The movie “Ray” was one of last year’s surprise hits in the theater, one that was recognized solidly by the Academy of Motion Pictures for its heartfelt view into one of the last century’s greatest musical geniuses. In Chapter 19 of the DVD, Ray (Jamie Foxx in his Oscar-winning performance) moves from Atlantic Records, the company that put him on the map, to ABC, which makes him an unprecedented financial offer. Ray then collaborates with a full orchestra for the tune “Georgia on My Mind,” a sonic masterpiece that the G68 provides in full splendor. The emotion in this song is captured incredibly as Ray proceeds to own the audience. The video in this movie was a good test for the Meridian G-Series. The cast’s dark skin tones and jet black hair is displayed with fantastic contrast through my CRT projector. In the review of the Meridian G98, I decisively remarked that the G98 provided the best-looking video I’ve seen. Through the G68, it was a blend of sonic genius and video heaven. This may sound like too much praise, but the Meridian G68/G98 combo is that good. One look at the video representation of this combo and you will be hooked yourself.

The Downside
The G68 is a powerful digital surround controller and the set-up can be a challenge for the do-it-yourselfer. As suggested earlier, I had the luxury of having Meridian do the set-up at my home. When you purchase from your local retailer, they will undoubtedly come to your home to set you up. However, the fact remains that changes to the set-up are not child’s play. It requires knowledge and an aptitude for high-tech manuals. Some will relish the flexibility, yet others will likely find frustration. As stated earlier, it is most advisable to have a Meridian dealer complete your set-up.

The G68 comes in several different configurations, based on your input and output needs. I applaud Meridian for providing this flexibility, yet on the other hand, many could someday find that their needs have changed and may require modification or replacement. With the proper choice, this set-up is so good that you might never make a change, thus negating the relevance of this concern.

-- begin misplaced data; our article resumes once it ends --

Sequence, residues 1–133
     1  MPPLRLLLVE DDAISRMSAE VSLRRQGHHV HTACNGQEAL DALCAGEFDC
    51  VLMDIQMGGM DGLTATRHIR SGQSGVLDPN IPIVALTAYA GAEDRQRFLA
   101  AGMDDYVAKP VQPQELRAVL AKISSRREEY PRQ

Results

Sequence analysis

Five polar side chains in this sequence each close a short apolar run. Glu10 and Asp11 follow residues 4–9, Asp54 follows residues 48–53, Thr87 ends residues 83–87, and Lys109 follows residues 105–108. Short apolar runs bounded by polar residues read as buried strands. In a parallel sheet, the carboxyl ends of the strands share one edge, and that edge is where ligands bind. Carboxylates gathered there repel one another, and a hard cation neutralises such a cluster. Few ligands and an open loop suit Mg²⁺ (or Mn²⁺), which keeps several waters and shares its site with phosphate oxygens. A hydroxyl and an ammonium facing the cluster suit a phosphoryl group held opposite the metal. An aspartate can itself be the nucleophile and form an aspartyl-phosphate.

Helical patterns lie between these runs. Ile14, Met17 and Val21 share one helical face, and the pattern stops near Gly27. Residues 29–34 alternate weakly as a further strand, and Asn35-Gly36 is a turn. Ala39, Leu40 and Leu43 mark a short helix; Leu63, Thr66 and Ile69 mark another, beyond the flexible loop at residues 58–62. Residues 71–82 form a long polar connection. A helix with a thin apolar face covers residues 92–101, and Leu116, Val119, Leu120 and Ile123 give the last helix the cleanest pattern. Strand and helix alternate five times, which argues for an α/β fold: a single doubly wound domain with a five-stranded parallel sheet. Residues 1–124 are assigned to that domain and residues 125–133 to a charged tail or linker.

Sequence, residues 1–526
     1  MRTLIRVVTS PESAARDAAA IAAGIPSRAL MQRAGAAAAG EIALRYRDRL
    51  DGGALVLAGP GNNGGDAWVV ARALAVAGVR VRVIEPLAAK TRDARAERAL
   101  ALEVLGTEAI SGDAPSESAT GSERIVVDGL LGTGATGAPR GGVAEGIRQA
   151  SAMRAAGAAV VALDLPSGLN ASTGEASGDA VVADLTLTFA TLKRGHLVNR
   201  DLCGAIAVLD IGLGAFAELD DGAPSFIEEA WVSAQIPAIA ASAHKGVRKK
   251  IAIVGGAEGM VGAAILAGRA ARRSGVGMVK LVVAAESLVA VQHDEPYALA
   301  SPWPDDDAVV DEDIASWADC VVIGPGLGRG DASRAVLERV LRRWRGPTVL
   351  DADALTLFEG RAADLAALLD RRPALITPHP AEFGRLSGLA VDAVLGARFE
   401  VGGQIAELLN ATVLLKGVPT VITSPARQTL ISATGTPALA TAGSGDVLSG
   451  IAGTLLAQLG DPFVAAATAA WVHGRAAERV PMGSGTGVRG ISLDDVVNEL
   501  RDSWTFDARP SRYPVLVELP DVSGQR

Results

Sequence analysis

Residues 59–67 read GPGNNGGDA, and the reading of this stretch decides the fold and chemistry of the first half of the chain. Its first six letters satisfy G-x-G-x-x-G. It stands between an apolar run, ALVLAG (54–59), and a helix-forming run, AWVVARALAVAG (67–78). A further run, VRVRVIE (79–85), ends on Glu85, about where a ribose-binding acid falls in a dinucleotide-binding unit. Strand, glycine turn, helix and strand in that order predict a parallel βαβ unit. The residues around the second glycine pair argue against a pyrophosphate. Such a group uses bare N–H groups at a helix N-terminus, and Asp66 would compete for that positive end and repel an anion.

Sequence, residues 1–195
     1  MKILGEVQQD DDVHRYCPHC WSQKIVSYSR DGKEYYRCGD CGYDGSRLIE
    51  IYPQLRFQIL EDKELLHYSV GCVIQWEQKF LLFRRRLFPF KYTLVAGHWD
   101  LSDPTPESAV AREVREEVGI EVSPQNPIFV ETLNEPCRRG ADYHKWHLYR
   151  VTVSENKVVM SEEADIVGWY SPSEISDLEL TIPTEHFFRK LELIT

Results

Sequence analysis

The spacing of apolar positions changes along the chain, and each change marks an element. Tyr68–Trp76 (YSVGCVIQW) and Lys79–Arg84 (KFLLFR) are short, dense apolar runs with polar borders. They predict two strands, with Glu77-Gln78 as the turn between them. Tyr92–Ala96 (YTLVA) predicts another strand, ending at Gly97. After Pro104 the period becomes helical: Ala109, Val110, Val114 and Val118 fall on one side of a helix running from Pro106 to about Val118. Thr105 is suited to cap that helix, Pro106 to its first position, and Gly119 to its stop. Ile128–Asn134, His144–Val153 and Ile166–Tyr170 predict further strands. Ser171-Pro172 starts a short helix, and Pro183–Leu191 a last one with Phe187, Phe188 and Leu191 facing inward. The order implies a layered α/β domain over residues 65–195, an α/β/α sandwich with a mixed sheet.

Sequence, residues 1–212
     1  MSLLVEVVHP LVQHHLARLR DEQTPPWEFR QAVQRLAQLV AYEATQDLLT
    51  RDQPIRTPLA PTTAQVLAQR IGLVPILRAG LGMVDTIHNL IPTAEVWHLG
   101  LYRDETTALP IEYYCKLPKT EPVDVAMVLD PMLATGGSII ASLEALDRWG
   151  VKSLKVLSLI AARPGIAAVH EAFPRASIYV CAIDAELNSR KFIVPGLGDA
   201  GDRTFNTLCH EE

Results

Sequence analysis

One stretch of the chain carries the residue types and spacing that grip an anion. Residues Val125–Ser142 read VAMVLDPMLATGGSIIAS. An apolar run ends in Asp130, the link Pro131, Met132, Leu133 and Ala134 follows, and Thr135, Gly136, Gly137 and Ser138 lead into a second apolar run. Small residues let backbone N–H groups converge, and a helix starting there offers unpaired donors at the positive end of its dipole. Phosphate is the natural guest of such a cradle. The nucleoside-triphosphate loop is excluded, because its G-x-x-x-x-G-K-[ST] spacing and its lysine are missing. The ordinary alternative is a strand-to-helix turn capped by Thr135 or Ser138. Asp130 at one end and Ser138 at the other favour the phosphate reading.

Conclusion
I have had the distinct privilege over the years of auditioning some of the best gear the world has to offer. Over time, my interests in AV have evolved from more traditional two-channel playback to full multi-channel playback for both music and home theater. There was a time where I kept two completely different systems, one for music and another for movies, to avoid polluting my cherished music playback. Thanks to a short list of companies like Meridian, I can now enjoy one multi-channel set-up that’s worthy to reproduce all formats at the highest level. I can have one central system that reaches complete audio/video nirvana from a single chair.

As mentioned earlier, I have been referencing the Meridian 568/598 for a few years now and, other than a few nuances, it is fantastic. The Meridian G68/G98 combination has completely eclipsed the performance of the 5 Series with far better sound, more connectivity, a better physical look and video that is the best this industry has to offer, bar none. From DVD-A to SACD and movies, as well as CD and LP playback, the G68 remains detailed and open, articulate yet liquid and effortless in every aspect.

At its price, the Meridian G68 is one of the finest AV preamps money can buy – and money can buy you a preamp costing upwards of $20,000 or even $30,000 at the ultra-high price points in the home theater industry today. For music, this combo performs with effortless perfection and handles movies with equal grace. Regarding video quality, I can’t say enough. If you have a local retailer and can afford this level of performance, don’t miss the opportunity to audition the pair. An AVR Top 100 Award for the G68 and G98 are no-brainers, if I have any say (and I do). The question is, when considering dollar for dollar value, are they better than the $50,000 Meridian 800-861 combination that AVR’s publisher uses as his reference? I am sure we will be arguing about this towards the end of 2005 as we pick the best products of the year.
Manufacturer Meridian
Model G68 Digital Surround Controller
Reviewer Bryan Southard